Caruso, E., Burns, Z., & Converse, B. (2016). Slow motion increases perceived intent. Proceedings of the National Academy of Sciences DOI: 10.1073/pnas.1603865113
FALSE! Alas, even though Microsoft has popularized this notion of a shrinking attention span—it is simply not true. Or at least, there is no proof it is true. And the study the falsehood was based on was not even looking at attention span—it was looking at multi-tasking while browsing the web. To add insult to injury for the authors (who actually are academics), they do not even use the word goldfish in their article. Academics who’ve been misquoted or misinterpreted by the media are shaking their heads around the globe. This distorting of research by the popular press for the sake of sensational stories isn’t new, but for those who do the work, it is pretty disturbing. Reporters often do little back-checking with the geeks that make the world go ‘round, because it’s hard, and it often takes the edge out of a catchy story. Once the first misinterpretation is published, the skewed reports drift farther and farther from the research they purportedly rely on. Alas…
Okay. So what happened here? Microsoft apparently commissioned a 2015 non-peer-reviewed study to examine how internet browsing had changed over time—that is, how long do surfers look at a page prior to moving on? Then it was misinterpreted (really misinterpreted) with spurious comparison information added about how adult attention spans were shrinking—an assertion unsupported and unaddressed even by the Microsoft study. This misinformation was picked up by the New York Times and Time Magazine as well as numerous other mainstream media sites. Each site represented the data as a scientific truth stemming from a paper commissioned by Microsoft. The only problem was, it wasn’t true.
The table following is another example of how the work was misinterpreted—it misrepresents the human (and goldfish) attention span as the real focus of the paper, which could barely be farther from the truth. The last half of the below table (Internet Browsing Statistics) is actually taken from the article Microsoft commissioned to look at how browsing patterns on the internet have changed over time. The top half however (Attention Span Statistics) is not and is totally unrelated to the study they commissioned. And, none of it has been validated or otherwise proved to mean anything at all.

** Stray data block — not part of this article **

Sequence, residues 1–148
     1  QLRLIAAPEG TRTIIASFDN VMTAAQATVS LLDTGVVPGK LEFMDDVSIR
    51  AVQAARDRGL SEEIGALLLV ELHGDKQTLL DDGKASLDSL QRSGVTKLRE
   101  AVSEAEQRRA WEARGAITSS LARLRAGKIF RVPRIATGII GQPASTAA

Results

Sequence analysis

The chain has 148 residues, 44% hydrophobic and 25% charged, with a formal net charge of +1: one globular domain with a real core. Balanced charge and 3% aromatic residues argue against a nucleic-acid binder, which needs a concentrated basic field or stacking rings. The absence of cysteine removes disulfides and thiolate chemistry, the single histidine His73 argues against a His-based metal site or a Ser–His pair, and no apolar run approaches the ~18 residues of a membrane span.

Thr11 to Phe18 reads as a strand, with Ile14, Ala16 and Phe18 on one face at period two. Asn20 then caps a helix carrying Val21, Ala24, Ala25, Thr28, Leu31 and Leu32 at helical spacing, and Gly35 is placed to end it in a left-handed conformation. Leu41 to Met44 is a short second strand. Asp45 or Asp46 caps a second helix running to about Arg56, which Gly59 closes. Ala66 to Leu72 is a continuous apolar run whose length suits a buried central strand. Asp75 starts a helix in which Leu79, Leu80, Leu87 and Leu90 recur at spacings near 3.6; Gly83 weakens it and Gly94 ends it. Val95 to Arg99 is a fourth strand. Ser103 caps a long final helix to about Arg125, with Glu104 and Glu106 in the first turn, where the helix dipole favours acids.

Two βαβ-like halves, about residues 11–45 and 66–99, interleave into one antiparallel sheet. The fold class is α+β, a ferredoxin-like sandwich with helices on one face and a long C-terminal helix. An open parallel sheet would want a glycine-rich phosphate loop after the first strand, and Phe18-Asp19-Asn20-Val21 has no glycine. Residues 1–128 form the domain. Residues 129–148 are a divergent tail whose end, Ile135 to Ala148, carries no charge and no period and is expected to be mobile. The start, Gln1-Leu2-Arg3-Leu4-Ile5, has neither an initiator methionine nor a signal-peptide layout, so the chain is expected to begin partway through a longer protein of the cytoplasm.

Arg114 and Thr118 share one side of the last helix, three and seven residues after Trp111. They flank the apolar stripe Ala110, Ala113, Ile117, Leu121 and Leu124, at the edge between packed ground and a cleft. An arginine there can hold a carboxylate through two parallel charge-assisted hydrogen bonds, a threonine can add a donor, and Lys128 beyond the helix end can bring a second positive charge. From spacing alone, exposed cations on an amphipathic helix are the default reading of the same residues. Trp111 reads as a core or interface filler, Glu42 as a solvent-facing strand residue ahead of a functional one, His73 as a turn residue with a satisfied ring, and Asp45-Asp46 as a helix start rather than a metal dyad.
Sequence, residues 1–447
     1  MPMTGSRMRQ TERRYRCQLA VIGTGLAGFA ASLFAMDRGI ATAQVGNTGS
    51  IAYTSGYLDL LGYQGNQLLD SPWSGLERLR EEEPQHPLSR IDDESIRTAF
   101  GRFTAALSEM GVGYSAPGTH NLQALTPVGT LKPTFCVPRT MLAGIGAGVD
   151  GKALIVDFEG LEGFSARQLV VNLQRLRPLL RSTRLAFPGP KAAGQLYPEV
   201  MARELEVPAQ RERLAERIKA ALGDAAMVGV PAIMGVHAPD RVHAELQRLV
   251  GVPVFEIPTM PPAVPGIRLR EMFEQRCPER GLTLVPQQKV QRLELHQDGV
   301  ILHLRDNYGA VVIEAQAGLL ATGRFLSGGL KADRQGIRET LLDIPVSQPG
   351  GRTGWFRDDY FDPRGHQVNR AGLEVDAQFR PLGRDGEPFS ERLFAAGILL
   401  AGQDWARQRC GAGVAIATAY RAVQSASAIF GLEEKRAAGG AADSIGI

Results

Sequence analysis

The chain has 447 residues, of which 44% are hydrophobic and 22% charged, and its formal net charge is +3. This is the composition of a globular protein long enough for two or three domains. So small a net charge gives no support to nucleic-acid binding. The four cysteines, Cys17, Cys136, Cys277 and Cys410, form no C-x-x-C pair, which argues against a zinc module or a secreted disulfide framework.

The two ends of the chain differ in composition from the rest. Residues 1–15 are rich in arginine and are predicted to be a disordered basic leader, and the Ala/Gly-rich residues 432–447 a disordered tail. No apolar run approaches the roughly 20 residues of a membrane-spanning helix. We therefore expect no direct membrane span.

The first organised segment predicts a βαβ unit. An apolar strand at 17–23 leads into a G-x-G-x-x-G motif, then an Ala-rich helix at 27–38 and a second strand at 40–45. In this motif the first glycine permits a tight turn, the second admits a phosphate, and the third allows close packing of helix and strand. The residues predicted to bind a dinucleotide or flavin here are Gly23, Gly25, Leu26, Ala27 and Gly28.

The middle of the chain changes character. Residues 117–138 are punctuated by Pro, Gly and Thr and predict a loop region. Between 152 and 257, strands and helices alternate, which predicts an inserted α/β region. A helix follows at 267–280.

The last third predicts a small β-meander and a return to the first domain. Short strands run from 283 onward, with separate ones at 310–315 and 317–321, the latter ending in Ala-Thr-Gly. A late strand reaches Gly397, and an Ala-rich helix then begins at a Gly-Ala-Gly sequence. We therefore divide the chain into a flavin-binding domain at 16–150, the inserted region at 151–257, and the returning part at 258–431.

(If you have trouble reading this table, here is the original source.)
You can find the text of the complete article commissioned by Microsoft here. Open it as a pdf file and search it for “goldfish”. You won’t find it. Nada. The study was not designed to look at the human attention span nor was it designed to compare human attention spans to that of a goldfish. It was designed to look at how advances in web technology had changed how we surf the web. Because, Microsoft wants to figure out how to make the most out of web surfing.
We are fortunate to have fact-checkers on the web — particularly when it comes to topics like data visualization. PolicyViz does a thorough job of debunking this myth as does a writer posting on LinkedIn. They both want everyone to STOP comparing people to goldfish! We would concur. We would also love to see people using their common sense and questioning sensational claims–“the average attention span of a goldfish”? Really? Or, what is the significance of any of those memory lapse statistics? Has that always been the case? Is it different? Why should we care?